The design ensures that the modules harness the energy from the sun while also providing a state-of-the-art bike path.

    Solar Bike Path – the Netherlands
    Image Credit: SolaRoad

    Within the first year, SolaRoad had already produced 9,800 kilowatt-hours (kWh) of energy that was fed into the electricity grid, used for traffic systems, and street lights, among others.

    Solar Powered Train Tunnel – Belgium

    The world got its first solar train tunnel in 2011 when over $15 million was spent to construct the Paris-to-Amsterdam train line. Engineers working on the project installed 16,000 solar panels, covering a 2.1 mile-long stretch of the line.

    The solar tunnel, initially built to protect trains from falling trees in a forested area, generates around 3,300 megawatts hours annually. 

    The produced energy is enough to power 4,000 trains. This is an impressive achievement considering it can power one entire day of rail traffic all across the country. Moreover, the power generated takes care of 50 percent of the total energy required to power the Antwerp Central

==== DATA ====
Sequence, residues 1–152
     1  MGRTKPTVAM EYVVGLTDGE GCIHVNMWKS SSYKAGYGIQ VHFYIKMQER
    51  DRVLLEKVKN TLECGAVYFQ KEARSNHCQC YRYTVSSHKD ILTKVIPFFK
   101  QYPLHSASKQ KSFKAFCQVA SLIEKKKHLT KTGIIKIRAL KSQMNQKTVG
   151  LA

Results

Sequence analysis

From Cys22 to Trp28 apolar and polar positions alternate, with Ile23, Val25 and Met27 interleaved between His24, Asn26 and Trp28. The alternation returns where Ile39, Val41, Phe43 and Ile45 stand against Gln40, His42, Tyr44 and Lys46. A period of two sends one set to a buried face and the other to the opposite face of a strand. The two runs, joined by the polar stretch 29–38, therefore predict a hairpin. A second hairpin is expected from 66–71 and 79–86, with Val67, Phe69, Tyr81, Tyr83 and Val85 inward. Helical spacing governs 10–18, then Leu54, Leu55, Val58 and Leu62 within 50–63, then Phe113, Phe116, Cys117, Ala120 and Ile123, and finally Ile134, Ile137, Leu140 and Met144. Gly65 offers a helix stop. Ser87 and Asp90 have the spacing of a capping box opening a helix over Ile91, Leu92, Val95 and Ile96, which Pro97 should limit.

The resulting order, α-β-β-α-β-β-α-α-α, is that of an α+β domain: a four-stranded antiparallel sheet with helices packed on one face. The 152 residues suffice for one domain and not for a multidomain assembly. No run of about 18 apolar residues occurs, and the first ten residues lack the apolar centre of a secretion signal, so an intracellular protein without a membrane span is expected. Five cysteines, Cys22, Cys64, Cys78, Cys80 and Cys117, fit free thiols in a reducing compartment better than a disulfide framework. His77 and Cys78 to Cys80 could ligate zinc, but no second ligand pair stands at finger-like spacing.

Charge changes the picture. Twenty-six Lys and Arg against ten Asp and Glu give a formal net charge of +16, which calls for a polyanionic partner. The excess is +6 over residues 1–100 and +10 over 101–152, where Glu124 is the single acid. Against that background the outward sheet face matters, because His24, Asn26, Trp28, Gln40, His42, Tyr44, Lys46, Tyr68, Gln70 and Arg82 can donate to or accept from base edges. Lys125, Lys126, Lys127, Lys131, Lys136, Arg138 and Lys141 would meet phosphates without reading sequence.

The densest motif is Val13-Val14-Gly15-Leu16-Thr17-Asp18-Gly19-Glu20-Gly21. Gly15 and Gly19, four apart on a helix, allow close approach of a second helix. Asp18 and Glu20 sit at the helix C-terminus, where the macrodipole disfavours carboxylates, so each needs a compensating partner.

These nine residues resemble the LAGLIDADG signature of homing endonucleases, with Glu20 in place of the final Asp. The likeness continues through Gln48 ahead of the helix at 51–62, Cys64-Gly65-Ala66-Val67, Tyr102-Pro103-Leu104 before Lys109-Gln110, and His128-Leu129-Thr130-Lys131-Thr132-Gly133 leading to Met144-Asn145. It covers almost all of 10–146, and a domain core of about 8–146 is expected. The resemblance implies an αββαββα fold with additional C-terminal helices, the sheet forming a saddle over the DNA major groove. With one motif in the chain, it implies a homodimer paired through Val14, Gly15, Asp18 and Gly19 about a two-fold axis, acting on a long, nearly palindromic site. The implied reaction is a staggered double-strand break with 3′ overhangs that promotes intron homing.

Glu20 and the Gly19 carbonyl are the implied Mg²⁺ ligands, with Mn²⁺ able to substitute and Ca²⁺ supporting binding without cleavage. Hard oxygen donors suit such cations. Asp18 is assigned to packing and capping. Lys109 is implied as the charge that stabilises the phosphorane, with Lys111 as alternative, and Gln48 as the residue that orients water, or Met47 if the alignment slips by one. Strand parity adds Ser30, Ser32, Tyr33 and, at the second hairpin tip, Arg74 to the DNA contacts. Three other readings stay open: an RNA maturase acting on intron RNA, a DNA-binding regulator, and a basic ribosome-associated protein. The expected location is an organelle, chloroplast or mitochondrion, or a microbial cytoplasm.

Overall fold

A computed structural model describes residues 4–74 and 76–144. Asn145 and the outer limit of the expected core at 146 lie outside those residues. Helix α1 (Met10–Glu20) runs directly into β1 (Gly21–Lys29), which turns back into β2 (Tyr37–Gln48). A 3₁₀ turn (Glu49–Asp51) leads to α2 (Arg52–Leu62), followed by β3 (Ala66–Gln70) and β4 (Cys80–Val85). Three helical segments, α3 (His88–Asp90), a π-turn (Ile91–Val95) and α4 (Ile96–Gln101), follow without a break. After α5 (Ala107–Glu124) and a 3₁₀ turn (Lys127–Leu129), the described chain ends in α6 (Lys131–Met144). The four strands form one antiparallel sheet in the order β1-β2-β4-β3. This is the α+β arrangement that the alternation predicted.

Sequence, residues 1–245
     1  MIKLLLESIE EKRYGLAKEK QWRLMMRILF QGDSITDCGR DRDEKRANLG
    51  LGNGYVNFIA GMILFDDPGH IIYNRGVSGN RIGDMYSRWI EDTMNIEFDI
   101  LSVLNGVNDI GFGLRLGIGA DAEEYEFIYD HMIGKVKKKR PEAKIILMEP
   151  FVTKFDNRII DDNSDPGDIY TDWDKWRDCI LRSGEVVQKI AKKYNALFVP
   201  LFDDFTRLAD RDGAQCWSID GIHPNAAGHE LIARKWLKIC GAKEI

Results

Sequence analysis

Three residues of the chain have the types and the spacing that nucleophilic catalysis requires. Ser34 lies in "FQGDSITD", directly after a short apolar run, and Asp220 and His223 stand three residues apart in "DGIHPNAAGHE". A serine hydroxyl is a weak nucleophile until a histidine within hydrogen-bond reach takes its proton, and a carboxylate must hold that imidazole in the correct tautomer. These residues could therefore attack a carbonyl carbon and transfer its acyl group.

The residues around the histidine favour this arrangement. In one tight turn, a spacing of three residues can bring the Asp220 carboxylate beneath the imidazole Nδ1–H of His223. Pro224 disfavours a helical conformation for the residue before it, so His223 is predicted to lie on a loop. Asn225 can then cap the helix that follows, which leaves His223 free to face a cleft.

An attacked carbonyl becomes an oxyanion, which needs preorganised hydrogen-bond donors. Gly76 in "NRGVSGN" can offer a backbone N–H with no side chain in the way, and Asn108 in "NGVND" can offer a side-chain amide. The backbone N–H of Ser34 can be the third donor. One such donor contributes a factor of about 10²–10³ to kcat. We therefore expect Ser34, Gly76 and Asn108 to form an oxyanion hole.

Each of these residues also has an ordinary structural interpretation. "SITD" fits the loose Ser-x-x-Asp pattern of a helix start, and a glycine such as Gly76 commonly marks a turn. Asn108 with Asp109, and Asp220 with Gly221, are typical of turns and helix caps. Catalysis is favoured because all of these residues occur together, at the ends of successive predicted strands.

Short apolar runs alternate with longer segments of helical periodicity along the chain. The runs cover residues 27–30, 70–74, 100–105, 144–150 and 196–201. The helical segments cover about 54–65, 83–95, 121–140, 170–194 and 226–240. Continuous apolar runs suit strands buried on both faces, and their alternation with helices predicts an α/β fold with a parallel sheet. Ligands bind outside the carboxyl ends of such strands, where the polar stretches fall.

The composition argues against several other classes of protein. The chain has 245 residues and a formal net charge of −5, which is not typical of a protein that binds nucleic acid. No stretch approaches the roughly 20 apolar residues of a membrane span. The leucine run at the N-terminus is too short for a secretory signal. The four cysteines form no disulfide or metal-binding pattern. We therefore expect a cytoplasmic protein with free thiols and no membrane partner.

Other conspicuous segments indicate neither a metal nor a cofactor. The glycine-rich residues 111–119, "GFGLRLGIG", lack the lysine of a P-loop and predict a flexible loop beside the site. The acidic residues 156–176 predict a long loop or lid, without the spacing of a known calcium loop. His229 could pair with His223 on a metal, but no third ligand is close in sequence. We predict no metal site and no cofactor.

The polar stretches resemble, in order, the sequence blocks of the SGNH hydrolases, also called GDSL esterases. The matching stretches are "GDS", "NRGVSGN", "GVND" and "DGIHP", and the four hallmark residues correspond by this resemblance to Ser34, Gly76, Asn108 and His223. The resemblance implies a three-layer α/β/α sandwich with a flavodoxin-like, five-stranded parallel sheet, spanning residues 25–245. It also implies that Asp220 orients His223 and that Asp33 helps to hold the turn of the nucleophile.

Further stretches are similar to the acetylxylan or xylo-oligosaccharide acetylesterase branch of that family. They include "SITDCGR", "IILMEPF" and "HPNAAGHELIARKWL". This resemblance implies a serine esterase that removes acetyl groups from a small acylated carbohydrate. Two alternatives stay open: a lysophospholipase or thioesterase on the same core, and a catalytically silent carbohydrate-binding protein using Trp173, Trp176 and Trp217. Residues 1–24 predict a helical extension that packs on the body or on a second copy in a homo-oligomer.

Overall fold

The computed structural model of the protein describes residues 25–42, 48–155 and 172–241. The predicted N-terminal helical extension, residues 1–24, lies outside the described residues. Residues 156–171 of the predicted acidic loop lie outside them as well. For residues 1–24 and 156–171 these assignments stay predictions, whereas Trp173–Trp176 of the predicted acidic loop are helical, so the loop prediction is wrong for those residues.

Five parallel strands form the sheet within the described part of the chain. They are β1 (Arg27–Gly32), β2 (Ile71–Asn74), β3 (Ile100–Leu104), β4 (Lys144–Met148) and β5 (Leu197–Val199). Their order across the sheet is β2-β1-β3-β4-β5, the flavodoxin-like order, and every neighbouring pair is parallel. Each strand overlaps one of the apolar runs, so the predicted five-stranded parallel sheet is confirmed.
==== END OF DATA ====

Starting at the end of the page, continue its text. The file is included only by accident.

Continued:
Solar Powered Train Tunnel – Belgium
    Image credit: New Atlas

    Solar-Powered Airport – India

    The Cochin International Airport Limited (CIAL) was the first airport in the world to run entirely on solar energy, marking a significant milestone for renewable technology. 

    The innovative solar project was named the CIAL Solar Power Project and started functioning in 2015. It has over 46,000 solar panels placed on a 45-acre land close to the runway.

    The solar project generate more power than the airport requires. The excess energy is fed into the state’s electric power grid. Since the airport handles over 10 million passengers annually, this is no small feat.

    The project is associated with other benefits. For instance, the land containing the solar panels is used to grow vegetables. It produces roughly 60 tons of organic vegetables each year.

    Solar Powered Airport- India
    Image Credit: The Plaid Zebra

    Being 100 percent dependent on clean energy, the airport is also reducing 300,000 metric tonnes of carbon dioxide emissions. In 2018, this successful solar project was awarded ‘Champions of the Earth,’ the UN’s highest environmental honor.